The culture of dependency is becoming a dominant feature of contemporary society. Economic crises puts pressure on both the labour market and the provision of welfare services.
As uncertainty increases, many are becoming dependent on institutions over which they have no control. Some may be totally dependent on social security; others on their jobs. Both areas are increasingly volatile.
Governments are facing pressures to downsize their social security system and deregulate labour. Businesses are finding it hard to cope in the current economic climate. More often than not, this leads to redundancies and a deterioration of working conditions.
These dependencies are creating a number of hardships. Pope Benedict XVI explored these themes in his encyclical Caritas in Veritate. He remarked that being dependent “for a prolonged period undermines the freedom and creativity of the person and his family and social relationships, causing great psychological and spiritual suffering.”
The work/life balance is steadily eroding. Parents are not always able to balance their professional life with family life, creating additional pressures on marital and family life. Other individuals and families find themselves caught up in a welfare trap.
This situation must propel work-related issues to the forefront of debate. The starting point must be based on the assumption that there is an inherent dignity in work. I will attempt to succinctly list some themes which may be considered for debate.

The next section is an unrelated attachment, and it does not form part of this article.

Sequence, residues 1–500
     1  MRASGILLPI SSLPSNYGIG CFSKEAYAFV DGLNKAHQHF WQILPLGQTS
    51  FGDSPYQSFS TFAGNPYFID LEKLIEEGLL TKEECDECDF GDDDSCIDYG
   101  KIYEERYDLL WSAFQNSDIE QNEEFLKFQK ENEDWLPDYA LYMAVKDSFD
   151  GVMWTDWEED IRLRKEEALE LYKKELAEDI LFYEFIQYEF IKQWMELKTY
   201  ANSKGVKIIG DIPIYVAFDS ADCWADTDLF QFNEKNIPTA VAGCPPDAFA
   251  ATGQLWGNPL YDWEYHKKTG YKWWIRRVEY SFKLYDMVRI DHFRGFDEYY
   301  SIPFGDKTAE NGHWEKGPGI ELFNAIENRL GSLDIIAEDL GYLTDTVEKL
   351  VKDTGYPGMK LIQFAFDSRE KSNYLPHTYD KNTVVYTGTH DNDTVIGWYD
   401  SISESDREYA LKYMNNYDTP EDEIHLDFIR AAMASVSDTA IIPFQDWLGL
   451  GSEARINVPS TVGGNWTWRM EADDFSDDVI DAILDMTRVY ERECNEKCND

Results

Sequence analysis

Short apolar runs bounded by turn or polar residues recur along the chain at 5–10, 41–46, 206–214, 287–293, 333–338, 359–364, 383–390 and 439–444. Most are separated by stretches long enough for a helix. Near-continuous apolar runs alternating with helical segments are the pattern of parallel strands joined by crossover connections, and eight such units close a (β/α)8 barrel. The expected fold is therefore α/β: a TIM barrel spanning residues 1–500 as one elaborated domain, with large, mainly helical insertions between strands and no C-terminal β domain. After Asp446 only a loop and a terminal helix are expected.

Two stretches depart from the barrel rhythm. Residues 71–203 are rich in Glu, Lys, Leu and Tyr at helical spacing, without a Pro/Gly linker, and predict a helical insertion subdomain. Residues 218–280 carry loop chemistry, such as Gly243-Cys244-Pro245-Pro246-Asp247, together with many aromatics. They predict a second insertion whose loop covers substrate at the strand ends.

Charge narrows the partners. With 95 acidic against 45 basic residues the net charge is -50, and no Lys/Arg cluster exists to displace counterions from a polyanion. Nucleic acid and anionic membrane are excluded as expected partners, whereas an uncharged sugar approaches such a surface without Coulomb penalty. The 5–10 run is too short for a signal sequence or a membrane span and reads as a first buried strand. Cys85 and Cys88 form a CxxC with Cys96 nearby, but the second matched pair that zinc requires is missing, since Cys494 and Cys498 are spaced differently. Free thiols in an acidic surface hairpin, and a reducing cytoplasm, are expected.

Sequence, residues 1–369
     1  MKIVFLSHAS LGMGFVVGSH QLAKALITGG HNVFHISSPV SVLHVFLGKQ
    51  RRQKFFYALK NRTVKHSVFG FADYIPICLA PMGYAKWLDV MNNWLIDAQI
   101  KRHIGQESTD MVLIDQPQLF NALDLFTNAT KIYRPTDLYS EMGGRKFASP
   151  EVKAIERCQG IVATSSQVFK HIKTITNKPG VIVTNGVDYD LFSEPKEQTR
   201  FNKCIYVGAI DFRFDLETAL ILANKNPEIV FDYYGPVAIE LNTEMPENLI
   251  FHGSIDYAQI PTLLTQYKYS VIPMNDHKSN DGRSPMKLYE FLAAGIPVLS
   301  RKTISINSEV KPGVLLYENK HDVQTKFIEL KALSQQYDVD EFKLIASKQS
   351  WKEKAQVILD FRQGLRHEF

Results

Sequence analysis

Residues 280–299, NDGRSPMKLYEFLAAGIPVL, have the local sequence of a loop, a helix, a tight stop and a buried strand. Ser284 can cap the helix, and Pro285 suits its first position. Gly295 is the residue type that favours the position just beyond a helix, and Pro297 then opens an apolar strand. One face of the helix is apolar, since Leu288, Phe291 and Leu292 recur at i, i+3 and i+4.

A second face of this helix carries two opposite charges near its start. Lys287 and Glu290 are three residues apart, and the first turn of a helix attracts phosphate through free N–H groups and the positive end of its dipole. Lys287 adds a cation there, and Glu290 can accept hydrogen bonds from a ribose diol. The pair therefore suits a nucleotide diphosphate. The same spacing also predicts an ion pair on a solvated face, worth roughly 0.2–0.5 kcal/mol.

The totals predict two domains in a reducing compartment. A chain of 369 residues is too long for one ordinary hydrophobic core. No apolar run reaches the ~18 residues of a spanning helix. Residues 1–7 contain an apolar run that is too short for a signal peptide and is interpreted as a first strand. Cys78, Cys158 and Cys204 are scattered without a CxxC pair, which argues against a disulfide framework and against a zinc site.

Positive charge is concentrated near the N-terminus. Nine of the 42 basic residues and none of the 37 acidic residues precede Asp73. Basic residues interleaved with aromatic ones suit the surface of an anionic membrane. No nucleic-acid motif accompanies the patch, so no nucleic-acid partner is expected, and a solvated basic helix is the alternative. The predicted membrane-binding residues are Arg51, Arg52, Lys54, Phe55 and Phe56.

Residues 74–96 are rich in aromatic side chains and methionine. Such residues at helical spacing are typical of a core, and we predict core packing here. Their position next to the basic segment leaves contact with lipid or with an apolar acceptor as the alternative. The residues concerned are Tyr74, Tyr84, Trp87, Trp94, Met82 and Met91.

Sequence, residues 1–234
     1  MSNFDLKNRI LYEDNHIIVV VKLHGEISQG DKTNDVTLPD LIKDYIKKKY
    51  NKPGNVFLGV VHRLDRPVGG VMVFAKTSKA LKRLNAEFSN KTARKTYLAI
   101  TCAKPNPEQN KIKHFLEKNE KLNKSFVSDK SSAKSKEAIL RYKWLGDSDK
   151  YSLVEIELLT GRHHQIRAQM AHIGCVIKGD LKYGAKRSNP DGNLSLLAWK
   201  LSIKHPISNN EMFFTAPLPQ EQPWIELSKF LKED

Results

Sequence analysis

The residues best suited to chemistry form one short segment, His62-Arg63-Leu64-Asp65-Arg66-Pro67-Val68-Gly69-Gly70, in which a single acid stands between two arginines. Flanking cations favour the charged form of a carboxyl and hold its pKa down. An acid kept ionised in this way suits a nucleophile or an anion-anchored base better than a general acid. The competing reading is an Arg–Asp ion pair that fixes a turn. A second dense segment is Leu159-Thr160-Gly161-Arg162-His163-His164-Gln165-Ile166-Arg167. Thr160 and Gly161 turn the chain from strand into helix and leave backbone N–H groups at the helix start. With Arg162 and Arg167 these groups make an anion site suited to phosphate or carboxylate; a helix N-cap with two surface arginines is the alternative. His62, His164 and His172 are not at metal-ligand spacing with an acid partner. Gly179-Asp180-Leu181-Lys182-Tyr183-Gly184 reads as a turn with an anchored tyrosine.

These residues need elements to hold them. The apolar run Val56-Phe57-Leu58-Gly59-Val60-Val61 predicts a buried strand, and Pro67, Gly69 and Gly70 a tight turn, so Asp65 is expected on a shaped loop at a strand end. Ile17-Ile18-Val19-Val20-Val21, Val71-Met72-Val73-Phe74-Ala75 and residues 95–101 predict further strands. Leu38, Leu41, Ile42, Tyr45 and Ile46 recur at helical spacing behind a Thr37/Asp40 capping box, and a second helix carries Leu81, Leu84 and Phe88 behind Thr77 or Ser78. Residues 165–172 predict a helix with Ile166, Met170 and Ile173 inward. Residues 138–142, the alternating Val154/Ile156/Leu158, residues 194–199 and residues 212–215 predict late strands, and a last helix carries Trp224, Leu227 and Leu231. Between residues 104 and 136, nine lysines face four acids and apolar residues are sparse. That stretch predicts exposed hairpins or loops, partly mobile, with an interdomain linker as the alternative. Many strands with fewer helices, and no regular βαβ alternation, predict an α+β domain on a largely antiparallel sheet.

Work does not solely include paid employment. Volunteers, home makers, students and care-givers produce output which may be difficult to measure or reward in quantitative terms. Their decision is not an opt-out from economic activity but an equally valid choice – their contribution to society deserves acknowledgement and respect.
Work is not a mere financial transaction but a central component of the creative process. The Catholic understanding of work views human beings as co-creators – participants in God’s creative acts.
The workplace can be dehumanised if a clinical and impersonal approach becomes the primary method. This approach could stifle individual initiative and lead to a negative view of work. Rather than de-humanise the individual, work could be an incentive to make the individual more human.
Blessed Pope John Paul II emphasised this in the encyclical Laborem Exercens: “Work is a good thing for man – a good thing for his humanity – because through work man not only transforms nature, adapting it to his own needs, but he also achieves fulfilment as a human being and indeed, in a sense, becomes ‘more of a human being’.” The right to private property and economic initiative, secure employment, a just wage and work which respects the skills and capabilities of individuals are not mere slogans but elements which safeguard human dignity at the workplace.
The inherent dignity of mankind can only be truly respected if it is recognised by the individual rather than enforced through a legal bill or policy decision.
Nonetheless, the current situation requires some form of regulation. The challenge for policy makers is to strike a balance between protecting certain rights without hampering the entrepreneurial and creative spirit.